Fallout: New Vegas
What parents need to know
Parents Need to Know
Parents need to know that Fallout: New Vegas contains scenes of bloody combat -- many dramatized with a slow-motion effect -- as well as the option to use blunt weapons, chainsaws and knives to wound or murder enemies, which may be human, mutants, or robots. The game also has prostitutes, gambling, and alcohol and drug consumption. Players have some ability to control the morality of the main character, and some of the characters he meets are genuinely nice and altruistic, but the world he inhabits is filled with gangs, racism, and hatred.
What's it about?
From the opening sequence -- where you'll find yourself kneeling in front of a freshly dug grave and with a gun pointed to your head -- to an "explosive" climax much later on in the game, Fallout: New Vegas is a thrilling single-player adventure that doesn't mess much with the formula used for its acclaimed 2008 predecessor, Fallout 3. The game takes place in the year 2281, a few years after the events of Fallout 3, and 200-odd years following a nuclear war that destroyed much of the earth's civilization. While unraveling what got you in the deadly predicament at the start of the game, you'll learn about your role as a courier, the power struggle between local feuding factions, and how to best navigate treacherous Las Vegas and the Mojave Desert (collectively referred to as the "Mojave Wasteland").
Is it any good?
It's good game, though very similar to Fallout 3. Played from a first- or third-person perspective (it's up to you), you'll take on many dozens of missions, pick locks, charm characters, play mini-games (including casino games), and, most importantly, use a variety of weapons to engage in combat against enemies, such as mutant creatures and robots. As with Fallout 3, you can attack baddies in real-time or press the right shoulder button on the controller to enter the V.A.T.S. targeting system for a turn-based approach.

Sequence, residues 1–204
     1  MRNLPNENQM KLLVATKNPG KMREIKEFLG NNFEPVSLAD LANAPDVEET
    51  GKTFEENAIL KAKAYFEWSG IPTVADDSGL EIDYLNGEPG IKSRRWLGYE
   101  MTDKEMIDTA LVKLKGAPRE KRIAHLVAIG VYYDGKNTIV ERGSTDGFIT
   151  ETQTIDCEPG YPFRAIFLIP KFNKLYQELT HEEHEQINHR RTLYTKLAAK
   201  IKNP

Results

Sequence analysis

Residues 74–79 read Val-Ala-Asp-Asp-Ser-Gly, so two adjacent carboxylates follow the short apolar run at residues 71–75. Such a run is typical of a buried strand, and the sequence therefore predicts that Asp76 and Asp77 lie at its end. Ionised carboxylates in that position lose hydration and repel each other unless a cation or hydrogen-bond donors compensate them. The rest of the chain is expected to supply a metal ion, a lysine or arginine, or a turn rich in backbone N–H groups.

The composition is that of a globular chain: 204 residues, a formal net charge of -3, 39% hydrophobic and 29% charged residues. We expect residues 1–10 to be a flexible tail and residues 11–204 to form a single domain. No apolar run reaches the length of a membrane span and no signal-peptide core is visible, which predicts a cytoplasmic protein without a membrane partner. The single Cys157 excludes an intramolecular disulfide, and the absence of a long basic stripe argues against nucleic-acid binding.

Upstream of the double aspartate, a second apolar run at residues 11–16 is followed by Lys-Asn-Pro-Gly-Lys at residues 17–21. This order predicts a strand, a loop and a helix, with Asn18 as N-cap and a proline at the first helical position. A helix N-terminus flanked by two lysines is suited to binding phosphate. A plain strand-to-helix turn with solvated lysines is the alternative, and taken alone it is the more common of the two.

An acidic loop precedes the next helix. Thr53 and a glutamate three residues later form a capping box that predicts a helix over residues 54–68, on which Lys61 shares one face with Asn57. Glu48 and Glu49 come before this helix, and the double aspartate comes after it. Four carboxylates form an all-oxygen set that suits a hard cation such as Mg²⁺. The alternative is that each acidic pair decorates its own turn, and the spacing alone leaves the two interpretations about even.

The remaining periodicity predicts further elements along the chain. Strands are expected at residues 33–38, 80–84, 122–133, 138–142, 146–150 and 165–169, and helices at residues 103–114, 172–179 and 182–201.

More so than in its predecessor, the choices you make come with consequences and can shape the direction of the story. Along with new weapons, characters, and locations, Fallout: New Vegas"also includes an optional "hardcore mode," which adds an even greater challenge for skilled players. This game is a great pick for fans of the franchise.
Online interaction: The game doesn't support multiplayer matches but players will be able to download additional content over time.
Families can talk about...
Families can talk about whether adult themes are more tolerable in games with a futuristic, post-apocalyptic setting than in those set in contemporary times, such as the Grand Theft Auto series. Does this fictional setting make a difference in terms of age suitability? Or is blood and gore always disturbing, no matter how it is dressed up?
Families can also discuss the depiction of sexuality in games. How do you feel about frank discussions of sex and nudity as opposed to its visual depiction? Should this distinction make a difference in terms of how games are rated?